National Education Day: Improving Global Education Through Technology

By Anuradha Uboweja

The earliest use of technology can be traced back to around 3.5 million years ago when tools such as hammers and anvils were used by our genetic ancestors, the Australopithecus, as discovered in Lake Turkana in Kenya. Homo sapiens then invented fire about a million years ago.

Technological inventions and innovations have shaped human evolution – from the hammer and anvil to fire, from the Neolithic invention of the wheel to the modern Internet; so that human progress simply cannot be separated from technological advances. If anything, technological advances determine human progress.

The pace of technological advances has accelerated since the late 18th century with Graham Bell’s invention of the telephone, the internal combustion engine, the automobile, electric lights, radio and airplanes, enabling instant communication between everyone and the location communication and the exchange of ideas became irrelevant. Technological advances have greatly influenced education.

Throughout modern history, the classroom has remained the core of education. The source of information was limited to the available books in the library or in the local bookstore. Higher education was possible for the lucky and deserving. But then the first personal computer in the early 1970s and later the World Wide Web in the early 1990s brought about a paradigm shift. What was possible but never implemented was forced upon all of us in the wake of the 2020 global Covid pandemic. The rest, as the saying goes, is history.

As the world came to an unprecedented standstill, tectonic shifts occurred in the world of education. Adjustments were made, but technology took over to ensure no child was left behind.

Traditional classrooms gave way to online courses. Platforms and products for the education sector sprang up like mushrooms overnight. Access to education remained open only because of earlier technological advances that were readily available to address an unexpected problem.

However, there is still a lot to be achieved. Until now, technology has only addressed the surface issue of access – access to unlimited online resources and access to an expert on any topic from anywhere in the world. But that’s just the tip of the iceberg. Technology must become the catalyst for redefining education, enabling a move away from memorizing and memorizing to an education system that develops the art of critical thinking and reasoning.

Technology and education must now move forward together; Therefore, it is becoming increasingly important for the education system to keep up with the advancements in the technology sector. Today, a high school student from a small town in Himachal Pradesh can take an online course at Harvard University—it’s the new benchmark for access.

With a willingness to learn, he has every opportunity to further his education from anywhere in the world. In the very near future, Harvard could offer college degrees in many subjects to anyone with a fast internet connection.

The information on the Internet is much more interesting and entertaining than the way it is taught in the classroom. In addition, distance learning has reduced the cost of education and allowed all reputable educational institutions to offer distance certification programs. As student capacity is unlimited, access is no longer the privilege of a few.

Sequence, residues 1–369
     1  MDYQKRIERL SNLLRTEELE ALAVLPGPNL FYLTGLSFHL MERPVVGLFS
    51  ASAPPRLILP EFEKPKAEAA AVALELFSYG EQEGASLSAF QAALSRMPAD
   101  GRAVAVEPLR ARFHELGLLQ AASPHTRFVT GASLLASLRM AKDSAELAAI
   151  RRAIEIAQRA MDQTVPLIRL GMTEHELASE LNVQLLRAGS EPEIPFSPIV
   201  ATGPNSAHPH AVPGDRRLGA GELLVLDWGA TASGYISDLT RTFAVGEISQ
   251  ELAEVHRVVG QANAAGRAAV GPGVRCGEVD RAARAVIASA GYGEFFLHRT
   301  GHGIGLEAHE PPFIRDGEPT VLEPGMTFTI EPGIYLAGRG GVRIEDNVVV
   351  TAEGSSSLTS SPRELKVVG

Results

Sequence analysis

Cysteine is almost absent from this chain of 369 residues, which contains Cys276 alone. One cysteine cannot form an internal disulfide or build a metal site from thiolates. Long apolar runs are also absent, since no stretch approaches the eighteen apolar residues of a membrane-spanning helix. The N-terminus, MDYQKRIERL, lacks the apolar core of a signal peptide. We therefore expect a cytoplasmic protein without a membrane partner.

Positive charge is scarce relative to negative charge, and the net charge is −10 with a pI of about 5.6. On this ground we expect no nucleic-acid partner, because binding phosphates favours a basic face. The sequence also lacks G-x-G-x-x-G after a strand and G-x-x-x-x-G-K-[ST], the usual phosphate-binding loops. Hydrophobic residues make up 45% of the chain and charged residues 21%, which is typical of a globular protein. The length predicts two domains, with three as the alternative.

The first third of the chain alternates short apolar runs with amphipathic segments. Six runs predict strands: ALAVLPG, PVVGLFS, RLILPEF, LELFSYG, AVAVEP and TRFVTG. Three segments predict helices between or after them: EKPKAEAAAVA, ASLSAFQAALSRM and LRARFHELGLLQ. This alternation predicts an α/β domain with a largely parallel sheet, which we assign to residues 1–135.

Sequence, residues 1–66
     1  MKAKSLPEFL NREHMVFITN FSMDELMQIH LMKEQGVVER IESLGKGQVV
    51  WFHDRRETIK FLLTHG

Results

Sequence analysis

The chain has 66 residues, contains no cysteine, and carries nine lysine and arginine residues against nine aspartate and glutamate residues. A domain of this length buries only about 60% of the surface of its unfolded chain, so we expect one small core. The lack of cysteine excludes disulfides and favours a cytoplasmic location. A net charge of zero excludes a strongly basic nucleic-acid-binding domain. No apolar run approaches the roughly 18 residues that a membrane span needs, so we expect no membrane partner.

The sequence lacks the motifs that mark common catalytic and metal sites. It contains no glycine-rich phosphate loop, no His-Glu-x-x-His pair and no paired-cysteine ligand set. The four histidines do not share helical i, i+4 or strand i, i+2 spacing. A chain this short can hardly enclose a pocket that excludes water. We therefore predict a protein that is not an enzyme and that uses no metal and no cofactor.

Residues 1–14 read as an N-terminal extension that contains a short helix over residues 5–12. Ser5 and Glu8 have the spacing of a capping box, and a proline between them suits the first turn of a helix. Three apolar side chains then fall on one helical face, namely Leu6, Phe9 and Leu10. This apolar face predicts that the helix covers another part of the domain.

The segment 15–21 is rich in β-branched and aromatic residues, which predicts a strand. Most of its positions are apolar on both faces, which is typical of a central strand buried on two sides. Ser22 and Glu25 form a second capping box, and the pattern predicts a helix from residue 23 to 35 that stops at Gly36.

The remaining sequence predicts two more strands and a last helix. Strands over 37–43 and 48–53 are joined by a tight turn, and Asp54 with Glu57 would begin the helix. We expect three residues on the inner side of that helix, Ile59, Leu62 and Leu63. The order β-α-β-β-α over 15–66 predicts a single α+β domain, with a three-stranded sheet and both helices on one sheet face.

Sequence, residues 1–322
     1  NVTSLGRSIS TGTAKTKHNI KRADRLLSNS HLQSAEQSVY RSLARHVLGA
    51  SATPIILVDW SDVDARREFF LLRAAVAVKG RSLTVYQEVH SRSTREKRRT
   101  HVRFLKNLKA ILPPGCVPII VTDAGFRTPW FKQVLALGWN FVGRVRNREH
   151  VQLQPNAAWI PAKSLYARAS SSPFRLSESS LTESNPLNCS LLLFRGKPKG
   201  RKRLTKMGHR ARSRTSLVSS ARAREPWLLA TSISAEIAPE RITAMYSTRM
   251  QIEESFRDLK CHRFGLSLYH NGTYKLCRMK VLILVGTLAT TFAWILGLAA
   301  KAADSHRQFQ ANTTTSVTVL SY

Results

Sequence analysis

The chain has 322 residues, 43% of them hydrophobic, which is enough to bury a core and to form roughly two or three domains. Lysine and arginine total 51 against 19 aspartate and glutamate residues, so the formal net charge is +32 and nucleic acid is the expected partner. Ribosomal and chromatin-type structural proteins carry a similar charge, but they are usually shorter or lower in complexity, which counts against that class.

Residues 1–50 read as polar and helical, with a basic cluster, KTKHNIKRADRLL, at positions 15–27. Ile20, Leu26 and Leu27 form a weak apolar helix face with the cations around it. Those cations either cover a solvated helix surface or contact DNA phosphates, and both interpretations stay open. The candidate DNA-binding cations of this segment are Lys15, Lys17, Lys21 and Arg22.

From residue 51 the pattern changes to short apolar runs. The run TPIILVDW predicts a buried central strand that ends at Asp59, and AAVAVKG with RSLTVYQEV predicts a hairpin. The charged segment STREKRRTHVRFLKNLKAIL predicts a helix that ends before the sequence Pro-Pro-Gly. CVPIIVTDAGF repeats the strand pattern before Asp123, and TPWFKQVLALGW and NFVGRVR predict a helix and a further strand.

With all these opportunities, the Indian education sector is now at risk of losing its audience of 250 million students to homeschooling, self-learning, or to innovative, inclusive schools that give students the freedom to personalize and customize their educational experience.

“More is lost through indecisiveness than through wrong decisions. Indecisiveness is the thief of opportunity,” said Marcus Tullius Cicero, the famous Roman lawyer, writer and orator.

Indecisiveness not to challenge the current protocols and practices of our educational system will harm our future generations – 19th century curricula cannot meet the needs of the 21st century. The demands of the 21st century are far more alarming than we realize. We can no longer just teach our children the tools if we have not shown the uses of the devices.

We need to use technology to fundamentally change our teaching protocols.

For example, with access to the Metaverse, any student can acquire hands-on skills like carpentry and machine design without having to enter a workshop or design lab. Education is no longer constrained by the need for physical infrastructure and facilities. Tectonic shifts are happening all around us, but our educational system remains the proverbial dinosaur.

Wrong decisions can be corrected and rectified, but indecisiveness in redefining education will rob our children of future career opportunities if organizations don’t look to test scores and grade cards. You don’t look at certifications or where you graduated, just one thing – how to solve problems.

Because the future belongs to problem solvers.

Technology needs to redefine how we raise our children, shifting the focus to educating them to think critically, reason logically, and most importantly, have a voice of their own. works towards this vision of empowering children and enriching young minds through a portfolio of online tools and apps that help school children to think critically and become problem solvers. Vexors is a word-based puzzle that encourages the art of problem-solving and develops cognitive skills in inductive and deductive reasoning that traditional curriculum ignores.

The author is Country Head for Views are personal.

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